Gene limita a aprendizagem e memória em ratos cobaias

terça-feira, setembro 21, 2010

Gene Limits Learning and Memory in Mice

ScienceDaily (Sep. 19, 2010) — Deleting a certain gene in mice can make them smarter by unlocking a mysterious region of the brain considered to be relatively inflexible, scientists at Emory University School of Medicine have found.

Researchers have found that deleting the RGS14 gene in mice can make them smarter by unlocking a mysterious region of the brain considered to be relatively inflexible. (Credit: iStockphoto)

Mice with a disabled RGS14 gene are able to remember objects they'd explored and learn to navigate mazes better than regular mice, suggesting that RGS14's presence limits some forms of learning and memory.

The results were published online in the Early Edition of the Proceedings of the National Academy of Sciences.

Since RGS14 appears to hold mice back mentally, John Hepler, PhD, professor of pharmacology at Emory University School of Medicine, says he and his colleagues have been jokingly calling it the "Homer Simpson gene."

RGS14 is primarily turned on in one particular part -- called CA2 -- of the hippocampus, a region of the brain known for decades to be involved in consolidating new learning and forming new memories. However, the CA2 region lies off the beaten path scientifically and it's not clear what its functions are, Hepler says.

RGS14, which is also found in humans, was identified more than a decade ago. Hepler and his colleagues have previously shown that the RGS14 protein can regulate several molecules involved in processing different types of signals in the brain that are known to be important for learning and memory. They believe RGS14 is a key control protein for these signals.

Read more here/Leia mais aqui: Science Daily


RGS14 is a natural suppressor of both synaptic plasticity in CA2 neurons and hippocampal-based learning and memory

Sarah Emerson Lee a, Stephen B. Simons b, Scott A. Heldt c,d, Meilan Zhao b, Jason P. Schroeder e, Christopher P. Vellano a, D. Patrick Cowan a, Suneela Ramineni a, Cindee K. Yates a,  Yue Feng a, Yoland Smith f,g, J. David Sweatt h, David Weinshenker e, Kerry J. Ressler c,d,f, Serena M. Dudek b, and John R. Hepler a,1

+Author Affiliations 

Departments of aPharmacology,
cPsychiatry and Behavioral Sciences, and
eHuman Genetics,
dCenter for Behavioral Neuroscience,
fYerkes National Primate Research Center, and
gDepartment of Neurology, Emory University School of Medicine, Atlanta, GA 30322;
bNational Institute of Environmental Health Sciences, National Institutes of Health, Research Triangle Park, NC 27709; and
hDepartment of Neurobiology, University of Alabama School of Medicine, Birmingham, AL 35294

Edited* by Lutz Birnbaumer, National Institute of Environmental Health Sciences, Research Triangle Park, NC, and approved August 17, 2010 (received for review April 19, 2010)


Learning and memory have been closely linked to strengthening of synaptic connections between neurons (i.e., synaptic plasticity) within the dentate gyrus (DG)–CA3–CA1 trisynaptic circuit of the hippocampus. Conspicuously absent from this circuit is area CA2, an intervening hippocampal region that is poorly understood. Schaffer collateral synapses on CA2 neurons are distinct from those on other hippocampal neurons in that they exhibit a perplexing lack of synaptic long-term potentiation (LTP). Here we demonstrate that the signaling protein RGS14 is highly enriched in CA2 pyramidal neurons and plays a role in suppression of both synaptic plasticity at these synapses and hippocampal-based learning and memory. RGS14 is a scaffolding protein that integrates G protein and H-Ras/ERK/MAP kinase signaling pathways, thereby making it well positioned to suppress plasticity in CA2 neurons. Supporting this idea, deletion of exons 2–7 of the RGS14 gene yields mice that lack RGS14 (RGS14-KO) and now express robust LTP at glutamatergic synapses in CA2 neurons with no impact on synaptic plasticity in CA1 neurons. Treatment of RGS14-deficient CA2 neurons with a specific MEK inhibitor blocked this LTP, suggesting a role for ERK/MAP kinase signaling pathways in this process. When tested behaviorally, RGS14-KO mice exhibited marked enhancement in spatial learning and in object recognition memory compared with their wild-type littermates, but showed no differences in their performance on tests of nonhippocampal-dependent behaviors. These results demonstrate that RGS14 is a key regulator of signaling pathways linking synaptic plasticity in CA2 pyramidal neurons to hippocampal-based learning and memory but distinct from the canonical DG–CA3–CA1 circuit.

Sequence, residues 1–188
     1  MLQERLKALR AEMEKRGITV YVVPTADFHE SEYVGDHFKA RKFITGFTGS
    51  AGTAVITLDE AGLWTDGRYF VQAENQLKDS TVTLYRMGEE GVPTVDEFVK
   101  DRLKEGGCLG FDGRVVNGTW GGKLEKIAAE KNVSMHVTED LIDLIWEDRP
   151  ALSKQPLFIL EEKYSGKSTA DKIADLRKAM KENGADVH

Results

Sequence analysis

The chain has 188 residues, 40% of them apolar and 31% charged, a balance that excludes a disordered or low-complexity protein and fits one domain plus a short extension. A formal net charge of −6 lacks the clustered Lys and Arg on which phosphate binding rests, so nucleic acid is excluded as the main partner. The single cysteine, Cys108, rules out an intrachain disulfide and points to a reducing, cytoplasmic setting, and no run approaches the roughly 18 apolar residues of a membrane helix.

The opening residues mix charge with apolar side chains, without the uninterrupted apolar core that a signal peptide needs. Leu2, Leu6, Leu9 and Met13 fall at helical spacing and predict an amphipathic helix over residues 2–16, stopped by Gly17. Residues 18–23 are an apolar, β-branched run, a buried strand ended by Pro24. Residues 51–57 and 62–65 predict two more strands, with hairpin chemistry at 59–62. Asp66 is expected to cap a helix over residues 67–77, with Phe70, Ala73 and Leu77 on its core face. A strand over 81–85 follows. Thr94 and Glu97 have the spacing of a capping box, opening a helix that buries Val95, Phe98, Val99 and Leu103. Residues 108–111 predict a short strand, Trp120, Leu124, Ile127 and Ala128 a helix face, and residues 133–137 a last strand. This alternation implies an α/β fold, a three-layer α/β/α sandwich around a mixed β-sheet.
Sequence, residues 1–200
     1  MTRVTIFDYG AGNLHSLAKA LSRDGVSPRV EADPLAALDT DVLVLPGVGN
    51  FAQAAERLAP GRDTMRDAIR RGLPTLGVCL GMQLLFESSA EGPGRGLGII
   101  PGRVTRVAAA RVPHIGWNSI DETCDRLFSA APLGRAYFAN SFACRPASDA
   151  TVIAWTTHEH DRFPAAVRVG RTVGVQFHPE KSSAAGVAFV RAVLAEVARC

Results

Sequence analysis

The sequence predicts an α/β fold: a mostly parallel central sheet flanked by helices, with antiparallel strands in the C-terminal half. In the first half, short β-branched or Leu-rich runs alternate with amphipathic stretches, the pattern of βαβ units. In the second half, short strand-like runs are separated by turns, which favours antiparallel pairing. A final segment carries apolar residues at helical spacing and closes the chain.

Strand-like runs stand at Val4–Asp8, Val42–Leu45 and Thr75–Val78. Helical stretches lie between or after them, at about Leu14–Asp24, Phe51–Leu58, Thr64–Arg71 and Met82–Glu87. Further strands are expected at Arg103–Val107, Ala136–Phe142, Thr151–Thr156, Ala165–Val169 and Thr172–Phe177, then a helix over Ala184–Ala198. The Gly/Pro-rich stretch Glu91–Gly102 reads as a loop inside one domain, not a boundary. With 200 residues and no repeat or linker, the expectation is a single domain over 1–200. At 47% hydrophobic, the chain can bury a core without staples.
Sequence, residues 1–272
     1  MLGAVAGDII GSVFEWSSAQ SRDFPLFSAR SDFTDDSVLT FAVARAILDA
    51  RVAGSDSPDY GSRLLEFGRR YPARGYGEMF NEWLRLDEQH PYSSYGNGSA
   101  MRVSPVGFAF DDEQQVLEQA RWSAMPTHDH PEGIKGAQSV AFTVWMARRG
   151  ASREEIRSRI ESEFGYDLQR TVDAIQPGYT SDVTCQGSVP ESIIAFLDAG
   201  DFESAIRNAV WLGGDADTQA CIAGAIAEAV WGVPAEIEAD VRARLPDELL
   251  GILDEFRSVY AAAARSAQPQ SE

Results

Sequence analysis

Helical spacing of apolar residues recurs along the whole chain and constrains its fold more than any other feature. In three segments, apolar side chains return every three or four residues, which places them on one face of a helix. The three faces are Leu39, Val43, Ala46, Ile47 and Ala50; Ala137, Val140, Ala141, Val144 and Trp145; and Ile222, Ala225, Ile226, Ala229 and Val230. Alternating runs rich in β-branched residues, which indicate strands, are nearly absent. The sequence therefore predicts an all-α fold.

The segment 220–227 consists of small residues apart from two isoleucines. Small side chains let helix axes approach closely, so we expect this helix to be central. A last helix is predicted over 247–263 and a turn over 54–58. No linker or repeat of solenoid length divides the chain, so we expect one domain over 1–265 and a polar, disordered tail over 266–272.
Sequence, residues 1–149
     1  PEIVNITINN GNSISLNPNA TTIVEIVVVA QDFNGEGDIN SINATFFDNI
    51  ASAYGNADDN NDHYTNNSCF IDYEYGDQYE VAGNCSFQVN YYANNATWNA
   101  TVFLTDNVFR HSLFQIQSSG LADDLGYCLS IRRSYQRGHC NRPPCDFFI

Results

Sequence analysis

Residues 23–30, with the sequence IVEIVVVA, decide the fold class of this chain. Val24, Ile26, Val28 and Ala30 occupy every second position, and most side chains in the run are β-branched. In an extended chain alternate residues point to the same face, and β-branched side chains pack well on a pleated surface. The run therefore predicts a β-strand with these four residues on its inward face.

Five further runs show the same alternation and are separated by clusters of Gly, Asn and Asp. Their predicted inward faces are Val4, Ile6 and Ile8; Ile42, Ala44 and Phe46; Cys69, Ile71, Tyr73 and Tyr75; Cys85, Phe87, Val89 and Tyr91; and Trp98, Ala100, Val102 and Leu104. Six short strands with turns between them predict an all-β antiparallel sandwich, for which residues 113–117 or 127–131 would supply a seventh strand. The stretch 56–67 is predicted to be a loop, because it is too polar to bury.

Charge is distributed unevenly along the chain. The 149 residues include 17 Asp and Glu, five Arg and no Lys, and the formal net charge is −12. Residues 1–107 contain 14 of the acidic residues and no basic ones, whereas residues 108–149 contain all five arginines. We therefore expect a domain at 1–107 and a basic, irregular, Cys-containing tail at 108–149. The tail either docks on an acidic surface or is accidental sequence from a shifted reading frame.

long-term potentiation   hippocampus   G protein signaling  RGS proteins    ERK


1To whom correspondence should be addressed.
Author contributions: S.E.L., J.P.S., Y.F., Y.S., J.D.S., D.W., K.J.R., S.M.D., and J.R.H. designed research; S.E.L., S.B.S., S.A.H., M.Z., C.P.V., D.P.C., S.R., and C.K.Y. performed research; S.E.L., S.B.S., M.Z., S.A.H., and J.P.S. analyzed data; and S.E.L., S.M.D., and J.R.H. wrote the paper.

The authors declare no conflict of interest.

↵*This Direct Submission article had a prearranged editor.

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